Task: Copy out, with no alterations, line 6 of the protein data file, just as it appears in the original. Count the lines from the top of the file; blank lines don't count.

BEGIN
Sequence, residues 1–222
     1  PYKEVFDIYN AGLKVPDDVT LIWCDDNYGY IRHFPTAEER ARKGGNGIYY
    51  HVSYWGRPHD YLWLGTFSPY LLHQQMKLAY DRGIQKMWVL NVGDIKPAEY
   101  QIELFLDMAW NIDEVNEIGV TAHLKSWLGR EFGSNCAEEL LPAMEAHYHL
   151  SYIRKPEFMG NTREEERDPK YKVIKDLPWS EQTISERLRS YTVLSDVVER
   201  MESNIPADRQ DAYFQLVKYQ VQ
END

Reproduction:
   201  MESNIPADRQ DAYFQLVKYQ VQ